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U.S. adds a much-better-than-expected 272,000 jobs in May, but unemployment rate edges up to 4%

The U.S. economy added far more jobs than expected in May, countering fears of a slowdown in the labor market and likely reducing the Federal Reserve's impetus to lower interest rates.

Nonfarm payrolls expanded by 272,000 for the month, up from 165,000 in April and well ahead of the Dow Jones consensus estimate for 190,000, the Labor Department's Bureau of Labor Statistics reported Friday.

At the same time, the unemployment rate rose to 4%, the first time it has breached that level since January 2022. Economists had been expecting the rate to stay unchanged at 3.9% from April.

The increase came even though the labor force participation rate decreased to 62.5%, down 0.2 percentage point. The survey of households used to compute the unemployment rate showed that the level of people who reported holding jobs fell by 408,000.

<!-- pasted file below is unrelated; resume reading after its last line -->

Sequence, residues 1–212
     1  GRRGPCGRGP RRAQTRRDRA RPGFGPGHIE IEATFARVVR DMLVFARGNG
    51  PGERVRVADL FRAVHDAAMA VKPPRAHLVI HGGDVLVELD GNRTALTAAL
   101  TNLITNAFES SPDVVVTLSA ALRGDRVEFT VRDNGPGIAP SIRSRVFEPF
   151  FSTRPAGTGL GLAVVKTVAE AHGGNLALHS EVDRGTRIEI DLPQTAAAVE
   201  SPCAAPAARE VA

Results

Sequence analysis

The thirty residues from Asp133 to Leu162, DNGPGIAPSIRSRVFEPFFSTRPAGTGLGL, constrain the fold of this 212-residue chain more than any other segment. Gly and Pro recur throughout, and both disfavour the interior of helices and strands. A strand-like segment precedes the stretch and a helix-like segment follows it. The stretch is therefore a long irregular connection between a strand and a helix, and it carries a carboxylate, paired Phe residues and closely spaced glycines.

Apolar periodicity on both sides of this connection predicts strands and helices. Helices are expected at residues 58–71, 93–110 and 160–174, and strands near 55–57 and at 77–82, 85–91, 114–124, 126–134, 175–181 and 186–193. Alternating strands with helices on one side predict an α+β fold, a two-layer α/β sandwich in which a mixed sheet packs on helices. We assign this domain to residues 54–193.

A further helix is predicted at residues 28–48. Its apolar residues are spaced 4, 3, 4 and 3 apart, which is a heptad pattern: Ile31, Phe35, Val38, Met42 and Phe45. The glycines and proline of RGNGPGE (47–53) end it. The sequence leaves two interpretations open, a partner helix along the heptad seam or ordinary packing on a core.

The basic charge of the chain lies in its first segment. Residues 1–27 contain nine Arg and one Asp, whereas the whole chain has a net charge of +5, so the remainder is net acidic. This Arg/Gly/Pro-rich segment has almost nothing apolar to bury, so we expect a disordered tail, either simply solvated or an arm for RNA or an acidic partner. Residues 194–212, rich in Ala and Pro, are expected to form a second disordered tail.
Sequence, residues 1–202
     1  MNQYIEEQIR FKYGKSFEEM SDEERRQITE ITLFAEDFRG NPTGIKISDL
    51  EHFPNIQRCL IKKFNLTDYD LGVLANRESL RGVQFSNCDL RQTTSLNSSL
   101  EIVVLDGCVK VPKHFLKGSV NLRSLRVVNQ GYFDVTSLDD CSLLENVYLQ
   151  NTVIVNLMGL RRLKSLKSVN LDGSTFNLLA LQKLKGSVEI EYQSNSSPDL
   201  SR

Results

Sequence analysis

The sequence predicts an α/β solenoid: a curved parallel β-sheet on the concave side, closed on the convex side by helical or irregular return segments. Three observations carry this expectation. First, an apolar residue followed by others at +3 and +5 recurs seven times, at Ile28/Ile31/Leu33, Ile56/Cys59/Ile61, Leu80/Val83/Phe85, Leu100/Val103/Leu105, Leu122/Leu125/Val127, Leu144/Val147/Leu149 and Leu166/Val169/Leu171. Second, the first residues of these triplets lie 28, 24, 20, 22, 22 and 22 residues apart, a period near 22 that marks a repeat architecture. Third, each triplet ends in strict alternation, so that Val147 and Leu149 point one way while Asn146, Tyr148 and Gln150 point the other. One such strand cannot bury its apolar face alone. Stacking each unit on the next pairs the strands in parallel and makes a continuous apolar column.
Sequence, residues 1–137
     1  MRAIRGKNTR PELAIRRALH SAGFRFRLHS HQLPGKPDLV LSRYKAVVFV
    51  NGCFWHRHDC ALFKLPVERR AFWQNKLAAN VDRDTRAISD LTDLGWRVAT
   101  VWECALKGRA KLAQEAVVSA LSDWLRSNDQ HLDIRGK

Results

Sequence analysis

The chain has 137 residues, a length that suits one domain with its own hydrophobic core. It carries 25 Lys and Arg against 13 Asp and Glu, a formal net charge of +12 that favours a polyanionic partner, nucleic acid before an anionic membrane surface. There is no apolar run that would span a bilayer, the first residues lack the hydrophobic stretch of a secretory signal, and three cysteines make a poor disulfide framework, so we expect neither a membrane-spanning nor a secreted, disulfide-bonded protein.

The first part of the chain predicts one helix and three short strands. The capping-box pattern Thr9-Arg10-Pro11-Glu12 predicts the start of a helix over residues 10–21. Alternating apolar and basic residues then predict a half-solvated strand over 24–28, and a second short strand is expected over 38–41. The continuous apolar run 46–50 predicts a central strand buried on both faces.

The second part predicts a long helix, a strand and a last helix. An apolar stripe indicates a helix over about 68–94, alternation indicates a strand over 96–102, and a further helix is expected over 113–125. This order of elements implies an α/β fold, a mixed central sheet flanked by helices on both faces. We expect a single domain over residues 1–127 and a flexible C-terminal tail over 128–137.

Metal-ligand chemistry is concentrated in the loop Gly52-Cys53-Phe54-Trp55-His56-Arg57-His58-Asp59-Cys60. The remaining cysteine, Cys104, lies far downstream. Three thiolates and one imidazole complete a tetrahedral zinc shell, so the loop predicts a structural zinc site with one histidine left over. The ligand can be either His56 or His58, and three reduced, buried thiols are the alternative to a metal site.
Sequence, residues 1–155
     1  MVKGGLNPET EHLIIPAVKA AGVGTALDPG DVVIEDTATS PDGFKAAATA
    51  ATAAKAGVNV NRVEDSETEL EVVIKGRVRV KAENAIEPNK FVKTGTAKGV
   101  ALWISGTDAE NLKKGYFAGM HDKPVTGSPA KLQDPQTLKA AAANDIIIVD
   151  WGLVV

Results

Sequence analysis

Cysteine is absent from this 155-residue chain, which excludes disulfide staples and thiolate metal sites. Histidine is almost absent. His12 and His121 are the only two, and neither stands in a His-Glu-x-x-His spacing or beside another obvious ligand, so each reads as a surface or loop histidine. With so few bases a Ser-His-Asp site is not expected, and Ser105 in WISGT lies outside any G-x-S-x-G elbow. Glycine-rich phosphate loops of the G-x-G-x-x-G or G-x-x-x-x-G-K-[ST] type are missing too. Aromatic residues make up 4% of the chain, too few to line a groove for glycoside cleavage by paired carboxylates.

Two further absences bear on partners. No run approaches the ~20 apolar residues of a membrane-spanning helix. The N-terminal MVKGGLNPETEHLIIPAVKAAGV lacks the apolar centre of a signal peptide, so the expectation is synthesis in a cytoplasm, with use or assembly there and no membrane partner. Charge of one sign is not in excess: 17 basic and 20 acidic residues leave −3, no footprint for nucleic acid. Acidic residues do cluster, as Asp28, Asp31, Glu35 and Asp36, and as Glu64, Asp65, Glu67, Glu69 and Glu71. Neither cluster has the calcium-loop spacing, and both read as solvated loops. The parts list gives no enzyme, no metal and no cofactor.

"On the surface, [the report] was hot, but you've also got a bigger drop in household employment," said Liz Ann Sonders, chief investment strategist at Charles Schwab. "For what it's worth, that tends to be a more accurate signal when you're at an inflection point in the economy. You can find weakness in the underlying numbers."

A more encompassing unemployment figure that includes discouraged workers and those holding part-time jobs for economic reasons held steady at 7.4%.

The household survey also showed that full-time workers declined by 625,000, while those holding part-time positions increased by 286,000.

Job gains were concentrated in health care, government, and leisure and hospitality, consistent with recent trends. The three sectors respectively added 68,000, 43,000 and 42,000 positions. The three sectors accounted for more than half the gains.

Other significant growth areas came in professional,